Picture a room featuring some of the most influential names in activism. There are numerous CEOs, presidents, directors and a deputy commissioner for the league itself. And then there’s Kareem Abdul-Jabbar (no résumé needed).
However, there’s a young athlete that separates herself from the rest of the group — probably because there’s no decorated profile of her career — just yet. She’s only a junior in high school.
Meet Leah Harmon, the youth representative of the Kareem Abdul-Jabbar Social Justice Champion selection committee.
Don’t be fooled by her age. At only 17, Harmon’s bio is impressive. She serves on the second cohort for Jr. NBA Court of Leaders and is a member of the 2022 Women’s U17 World Cup Team Trials and ranks No. 24 in her class nationwide. Did we mention she also has a 4.0 GPA?
It’s no surprise that Harmon is a perfect fit on the committee. Despite her youth, she has a powerful voice and recognizes the importance of her influence on other athletes her age.
“I feel like because we’re the next generation coming up, I think it’s important to hear our voices and [see] our perspectives,” Harmon said. “We’re the athletes, we’re playing — it’s just good to get that younger generation’s opinion to see where they’re coming from, what they think and how they look at things.”
As a child she was influenced by WNBA players and, while she has not quite yet accomplished that in her career, she uses her platform to inspire youth around her.
“Just setting a good example,” Harmon said. “Because I know that people look up to me [like] I looked at people when I was younger.”
This example had led her to opportunities across the league and beyond — culminating in a chance to crown the Kareem Abdul-Jabbar Social Justice Champion for the 2022-23 seasons. This year’s nominees include some of the leagues’ top talent on and off the court: Stephen Curry, Jaren Jackson Jr., Chris Paul, Tre Jones and Grant Williams.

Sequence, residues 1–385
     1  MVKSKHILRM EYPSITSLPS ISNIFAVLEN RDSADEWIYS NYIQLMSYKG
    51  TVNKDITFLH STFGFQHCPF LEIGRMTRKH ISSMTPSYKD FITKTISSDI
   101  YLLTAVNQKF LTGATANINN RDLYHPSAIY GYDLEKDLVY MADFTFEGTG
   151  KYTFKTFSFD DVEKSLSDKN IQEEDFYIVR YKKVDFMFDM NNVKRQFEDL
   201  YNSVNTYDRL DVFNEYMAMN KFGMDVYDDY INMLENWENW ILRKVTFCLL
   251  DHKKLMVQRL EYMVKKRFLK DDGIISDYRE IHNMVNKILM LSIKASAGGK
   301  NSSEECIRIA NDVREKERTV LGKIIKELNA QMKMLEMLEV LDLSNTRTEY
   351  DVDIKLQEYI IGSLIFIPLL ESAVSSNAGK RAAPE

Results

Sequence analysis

Per Monday’s release, “the annual award recognizes a current NBA player for pursuing social justice and advancing Abdul-Jabbar’s life mission to engage, empower and drive equality for individuals and groups who have been historically marginalized or systemically disadvantaged.” The winner will be announced during the NBA conference finals.
Each nominee is an active part of their community, working in an effort to create interpersonal and systemic changes — something Harmon visualizes for her career, starting with more advancement for growth in women’s sports.
“[Playing] basketball, and being a girl, you sometimes see different treatment. But you know, just keep pushing because I feel like things are going to change and I see changes now,” Harmon said.
Harmon acknowledges that her presence on the board is just the beginning of her impact on youth, women, athletes and the public at large.
A goal for her — besides ultimately becoming a WNBA player — is to be herself, and let her work do the talking. The next step is bringing her career down to Miami to join the Hurricanes on the court. “Being an athlete, a young lady and African American – just showing other people that you can do what I do.”